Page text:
Date of Award
Master of Arts
Human Performance and Health Education
Dr. Robert Moss
Dr. Patricia Frye
Dr. Mary Dawson
Masters Thesis-Open Access
The problem under investigation was to determine if kinematic differences existed when sprinting with and without the speed chute. Eight Western Michigan University Track and Field Athletes were filmed at 100 frames per second as they sprinted two trials with and without the speed chute.
Three ANOVAs and descriptive statistics were used to evaluate the effects of sprinting with and without the speed chute. Descriptive statistics provided information for numerous dependent variables. Although statistically significant differences (R < .05) existed between sprinting with and without the speed chute, those differences may not be practical for the coach to use in terms of evaluation of sprinting technique, because the differences would be difficult for the human eye to see. Therefore, the speed chute may be a viable training tool as kinematics were only minimally affected.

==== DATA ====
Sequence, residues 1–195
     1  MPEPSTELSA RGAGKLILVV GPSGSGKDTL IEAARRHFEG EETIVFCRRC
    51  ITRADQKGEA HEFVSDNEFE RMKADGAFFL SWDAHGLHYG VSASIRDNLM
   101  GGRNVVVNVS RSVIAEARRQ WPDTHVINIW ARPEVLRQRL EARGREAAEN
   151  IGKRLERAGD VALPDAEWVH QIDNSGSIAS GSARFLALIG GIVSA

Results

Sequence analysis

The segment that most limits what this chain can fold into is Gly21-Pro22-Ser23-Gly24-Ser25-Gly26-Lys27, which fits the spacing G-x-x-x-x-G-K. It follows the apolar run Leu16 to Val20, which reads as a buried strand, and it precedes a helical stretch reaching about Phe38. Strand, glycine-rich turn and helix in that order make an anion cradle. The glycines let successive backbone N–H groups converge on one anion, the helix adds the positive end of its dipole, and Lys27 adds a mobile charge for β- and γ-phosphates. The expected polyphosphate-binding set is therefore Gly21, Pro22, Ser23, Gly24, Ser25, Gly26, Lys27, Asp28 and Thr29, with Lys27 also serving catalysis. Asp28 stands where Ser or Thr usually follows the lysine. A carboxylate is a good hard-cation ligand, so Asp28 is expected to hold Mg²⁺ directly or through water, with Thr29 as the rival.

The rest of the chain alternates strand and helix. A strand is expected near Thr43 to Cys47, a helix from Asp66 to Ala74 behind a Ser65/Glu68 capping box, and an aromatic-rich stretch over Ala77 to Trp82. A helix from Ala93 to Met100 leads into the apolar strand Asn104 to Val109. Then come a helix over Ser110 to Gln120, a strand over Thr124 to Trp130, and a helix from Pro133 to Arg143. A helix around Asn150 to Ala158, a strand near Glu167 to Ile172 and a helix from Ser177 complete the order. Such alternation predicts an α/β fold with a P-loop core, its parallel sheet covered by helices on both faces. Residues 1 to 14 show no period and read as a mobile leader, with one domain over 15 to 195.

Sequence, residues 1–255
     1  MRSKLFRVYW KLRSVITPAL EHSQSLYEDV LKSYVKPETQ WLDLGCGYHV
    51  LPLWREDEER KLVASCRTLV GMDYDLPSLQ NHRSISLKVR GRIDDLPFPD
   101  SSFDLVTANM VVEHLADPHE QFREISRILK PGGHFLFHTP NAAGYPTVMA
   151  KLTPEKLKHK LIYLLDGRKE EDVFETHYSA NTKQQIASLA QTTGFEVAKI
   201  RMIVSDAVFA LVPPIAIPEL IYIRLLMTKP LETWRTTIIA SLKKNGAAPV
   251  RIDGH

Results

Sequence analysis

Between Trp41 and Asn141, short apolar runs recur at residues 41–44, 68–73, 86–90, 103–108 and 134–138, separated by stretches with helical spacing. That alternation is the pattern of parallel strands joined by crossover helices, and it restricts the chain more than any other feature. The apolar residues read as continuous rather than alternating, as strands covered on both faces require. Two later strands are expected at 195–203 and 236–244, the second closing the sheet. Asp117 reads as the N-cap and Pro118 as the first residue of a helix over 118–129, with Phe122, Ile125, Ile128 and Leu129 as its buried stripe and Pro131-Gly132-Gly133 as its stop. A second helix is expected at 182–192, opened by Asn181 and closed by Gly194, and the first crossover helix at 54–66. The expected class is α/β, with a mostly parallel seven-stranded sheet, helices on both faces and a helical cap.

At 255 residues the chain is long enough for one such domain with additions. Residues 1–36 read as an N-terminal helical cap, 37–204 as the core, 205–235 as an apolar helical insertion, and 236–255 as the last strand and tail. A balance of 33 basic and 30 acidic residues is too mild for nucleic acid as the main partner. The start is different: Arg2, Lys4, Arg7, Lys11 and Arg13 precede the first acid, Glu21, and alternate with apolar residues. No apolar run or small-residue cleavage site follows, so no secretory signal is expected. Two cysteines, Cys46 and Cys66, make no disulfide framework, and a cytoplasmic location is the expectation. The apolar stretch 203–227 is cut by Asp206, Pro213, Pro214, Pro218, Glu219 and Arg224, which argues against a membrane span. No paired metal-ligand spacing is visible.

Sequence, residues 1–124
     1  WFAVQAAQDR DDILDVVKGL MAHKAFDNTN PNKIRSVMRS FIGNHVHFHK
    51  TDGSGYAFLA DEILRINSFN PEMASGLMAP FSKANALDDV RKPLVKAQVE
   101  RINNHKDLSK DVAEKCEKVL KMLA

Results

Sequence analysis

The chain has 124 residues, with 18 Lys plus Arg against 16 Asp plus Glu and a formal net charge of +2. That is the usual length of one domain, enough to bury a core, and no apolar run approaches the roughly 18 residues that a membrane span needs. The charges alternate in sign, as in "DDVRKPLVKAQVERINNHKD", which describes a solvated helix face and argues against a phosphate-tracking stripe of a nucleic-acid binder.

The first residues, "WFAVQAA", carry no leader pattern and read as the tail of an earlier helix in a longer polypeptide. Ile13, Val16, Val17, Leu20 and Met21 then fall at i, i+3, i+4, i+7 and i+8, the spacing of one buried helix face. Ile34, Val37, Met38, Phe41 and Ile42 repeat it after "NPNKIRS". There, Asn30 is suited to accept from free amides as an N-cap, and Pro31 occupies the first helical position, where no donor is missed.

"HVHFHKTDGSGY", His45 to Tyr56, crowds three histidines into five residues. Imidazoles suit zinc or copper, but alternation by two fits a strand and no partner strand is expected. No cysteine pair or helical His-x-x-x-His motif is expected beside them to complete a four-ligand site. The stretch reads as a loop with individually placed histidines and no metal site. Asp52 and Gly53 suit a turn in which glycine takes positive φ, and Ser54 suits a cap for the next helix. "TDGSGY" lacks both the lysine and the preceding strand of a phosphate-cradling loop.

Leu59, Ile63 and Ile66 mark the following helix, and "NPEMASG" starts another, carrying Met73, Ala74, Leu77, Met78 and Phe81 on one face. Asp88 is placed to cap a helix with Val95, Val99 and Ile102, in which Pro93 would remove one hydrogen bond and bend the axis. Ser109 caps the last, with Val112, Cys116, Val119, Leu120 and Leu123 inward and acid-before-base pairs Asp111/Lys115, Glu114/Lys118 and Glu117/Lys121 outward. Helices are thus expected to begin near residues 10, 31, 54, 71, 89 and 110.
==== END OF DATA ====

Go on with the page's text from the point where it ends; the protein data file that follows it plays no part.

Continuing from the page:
West, "Kinematic Analysis of Sprinting With and Without the Speed Chute" (1994). Master's Theses. 3351.